Top Tips

Our Top Tips

While these is no substitute for time on the water there is no shame in short circuiting the learning process either. We often get asked for advice  - here are some answer to our most frequent questions.

Which bait & berleys? - We have a whole page devoted to this topic.

How much bait do I need to take? - We recommend 2-3 kgs of bait per person per full days fishing. Don't forget the salt ice, if you are going to the time, effort & expense to catch fish then why not keep them in primo condition for when you eat them!

How to stop frozen bait turning mushy? - Defrosting pilchards in the boat well or bucket on the way out fishing is a sure way to end up with soft or "mushy" bait.  Whenever possible defrost frozen baits slowly to ensure they retain their firmness. The best method we have found is to wrap our bait up in 3-4 sheets of newspaper and leave it out to defrost overnight. If you have a full days fishing planned wrap a couple of parcels and unwrap them as they are needed during the day.

Should I be using berley? - Yes if you want to catch more fish. We have a page dedicated to the art of berleying.  We also cover the best dispensing method we know of. 

Where are the Fish? It depends on variables like the time of the season, prevailing weather conditions, time of day, fish habitat & spawning habits.

A great place to start is with the Spot X collection of Charts, Maps, Tide Tables and How-to booklets printed on Water Proof, Tear Proof paper. Fishing Spot X Charts are the actual Hydrographical Charts, with all sorts of relevant information added by local experts, featuring fishing spots with the GPS co-ordinates and information on how to fish each spot.

If you are fishing the Hauraki a must buy is Bruce Duncan's book Fishing The Hauraki Gulf.  It has loads of summer & winter pozies and makes extensive use of aerial photos of the reefs and shore line. Make sure you read the front section on tips and tricks. distributes free emailed fishing reports that you can subscribe to or just read online.

Lastly for the most up todate report don't forget to ask our staff on the way out!


Fishing like many things adheres to the 80:20 rule, 80 percent of the fish are caught by 20% of the fisho's! While luck does play a part there are some steps you can take to dramatically improve your success rates. Here are the key ones.

  • Ask for advice from our staff when on what baits are working best, where and when.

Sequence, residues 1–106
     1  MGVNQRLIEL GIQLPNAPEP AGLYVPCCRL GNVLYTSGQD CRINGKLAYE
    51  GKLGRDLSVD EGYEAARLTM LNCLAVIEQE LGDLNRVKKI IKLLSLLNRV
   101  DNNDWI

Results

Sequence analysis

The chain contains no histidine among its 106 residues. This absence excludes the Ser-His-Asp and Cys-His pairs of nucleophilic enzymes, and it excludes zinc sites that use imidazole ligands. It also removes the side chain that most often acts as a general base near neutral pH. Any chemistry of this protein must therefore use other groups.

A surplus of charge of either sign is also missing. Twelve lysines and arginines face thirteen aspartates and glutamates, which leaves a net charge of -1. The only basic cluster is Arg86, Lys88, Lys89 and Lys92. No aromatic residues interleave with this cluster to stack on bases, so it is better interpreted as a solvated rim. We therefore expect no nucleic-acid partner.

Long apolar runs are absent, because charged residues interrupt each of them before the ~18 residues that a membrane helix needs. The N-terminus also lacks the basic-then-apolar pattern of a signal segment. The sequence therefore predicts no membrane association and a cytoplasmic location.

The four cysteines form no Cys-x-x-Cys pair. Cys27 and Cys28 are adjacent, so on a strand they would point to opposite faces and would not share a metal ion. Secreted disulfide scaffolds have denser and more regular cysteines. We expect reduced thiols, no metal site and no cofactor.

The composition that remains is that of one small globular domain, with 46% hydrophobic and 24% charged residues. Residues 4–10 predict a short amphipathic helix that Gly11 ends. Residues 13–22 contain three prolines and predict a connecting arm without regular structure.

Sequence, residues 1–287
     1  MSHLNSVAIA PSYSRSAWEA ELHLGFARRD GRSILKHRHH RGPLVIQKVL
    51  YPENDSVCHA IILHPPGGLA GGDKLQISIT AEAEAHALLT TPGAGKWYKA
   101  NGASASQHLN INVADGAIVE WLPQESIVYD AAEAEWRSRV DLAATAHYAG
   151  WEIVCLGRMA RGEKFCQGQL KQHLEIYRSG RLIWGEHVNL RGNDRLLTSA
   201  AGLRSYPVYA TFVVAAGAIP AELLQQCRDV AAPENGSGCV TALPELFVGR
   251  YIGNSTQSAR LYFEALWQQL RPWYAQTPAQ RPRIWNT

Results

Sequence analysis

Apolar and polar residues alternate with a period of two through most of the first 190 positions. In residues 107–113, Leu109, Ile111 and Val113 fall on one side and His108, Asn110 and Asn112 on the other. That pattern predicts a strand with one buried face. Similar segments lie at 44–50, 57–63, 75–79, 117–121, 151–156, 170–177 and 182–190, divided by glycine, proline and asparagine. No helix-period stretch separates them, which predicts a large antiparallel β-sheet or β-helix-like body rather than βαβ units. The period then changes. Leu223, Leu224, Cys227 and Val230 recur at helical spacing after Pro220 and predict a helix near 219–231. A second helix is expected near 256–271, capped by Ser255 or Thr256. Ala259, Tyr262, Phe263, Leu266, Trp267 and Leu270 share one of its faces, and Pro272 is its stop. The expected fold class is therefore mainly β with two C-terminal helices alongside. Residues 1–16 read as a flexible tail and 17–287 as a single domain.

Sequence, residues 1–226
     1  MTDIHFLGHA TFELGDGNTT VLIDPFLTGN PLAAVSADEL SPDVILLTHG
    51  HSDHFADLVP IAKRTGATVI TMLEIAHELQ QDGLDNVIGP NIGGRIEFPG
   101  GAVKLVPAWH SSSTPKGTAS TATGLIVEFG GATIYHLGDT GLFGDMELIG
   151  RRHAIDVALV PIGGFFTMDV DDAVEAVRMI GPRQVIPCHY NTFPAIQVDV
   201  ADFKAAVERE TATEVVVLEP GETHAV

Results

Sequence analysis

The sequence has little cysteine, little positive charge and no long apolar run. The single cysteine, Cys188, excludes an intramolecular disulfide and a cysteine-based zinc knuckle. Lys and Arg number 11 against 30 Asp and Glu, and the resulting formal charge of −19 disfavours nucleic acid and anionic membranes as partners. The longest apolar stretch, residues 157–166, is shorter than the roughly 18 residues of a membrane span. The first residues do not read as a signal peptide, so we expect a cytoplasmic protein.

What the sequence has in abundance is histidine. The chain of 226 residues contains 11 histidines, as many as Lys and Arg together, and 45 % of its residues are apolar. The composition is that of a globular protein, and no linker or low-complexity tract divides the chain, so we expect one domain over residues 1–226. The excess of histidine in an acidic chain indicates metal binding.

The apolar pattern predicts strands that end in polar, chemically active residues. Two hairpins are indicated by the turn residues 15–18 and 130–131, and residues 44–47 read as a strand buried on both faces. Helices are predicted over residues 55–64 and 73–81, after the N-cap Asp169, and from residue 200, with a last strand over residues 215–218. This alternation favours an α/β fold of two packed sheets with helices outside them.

• Always use a variety of baits. Usually pilchards, squid, mullet, bonito and mackerel work well

  • Take some bait catcher flies (sabikis) to catch some fresh bait - big fresh baits often gets the biggest fish. 

  • When you do catch a fish, open it up and inspect it's stomach to see what they are eating. If they are eating very small baitfish then try to cut your bait in the same style to represent a small baitfish (a strip bait).

  • Berley, berley, berley - it brings the fish to you.

  • Join a fishing club and learn from the more experienced.

  • have a very vocal online forum group chocker full of experienced fishos.

  • Try new spots and methods.

  • Record your catches, dates, time, tide and weather conditions in a diary. This is invaluable for future reference.

  • Use local knowledge -  The SpotX maps and Bruce Duncan's book on fishing the Hauraki are invaluable.

  • Read the fishing magazines and fishing books for proven & new techniques. View the fishing "How To" DVD's or videos.

  • Use a guide or the local charter boats to learn about a locality (please ask the skipper before using a portable GPS to record a location!!!)

  • If boat fishing a GPS, Chart Plotter and Depth Sounders are very useful.

  • Service your reel annually to keep it in working order

  • Replace your mono before every season, its relatively inexpensive insurance as mono breaks down over time from UV light and solvents.

  • Learn and use proven knots, don't risk that fish of a life time to a rushed poor strength knot!

  • Use the lightest sinker possible to get your bait to the strike zone, it presents the bait in a more natural manner and offers the angler greater sensitivity on the take.
  • Using lighter line will quite often result in hooking up bigger fish, lighter line creates less drag in the water, is less visible to the fish and allows the angler to detect subtle takes.
  • Replace your hooks and traces every trip, hooks are relatively cheap and you never know when you're going to hook the big one.

  • Lubricate your knots before pulling tight. Nylon will lose its strength under heat generated by friction.

  • Lift your fish aboard by the trace, net or gaff, using your rod to lift a lively fish aboard is a sure recipe for a broken rod due to point loading.

  • Attach your berley to the last link on your anchor chain while fishing in deeper waters. Berleying off the surface in 30 metres of water may attract snapper to your hooks if you can cast up to 1km out the back of the boat.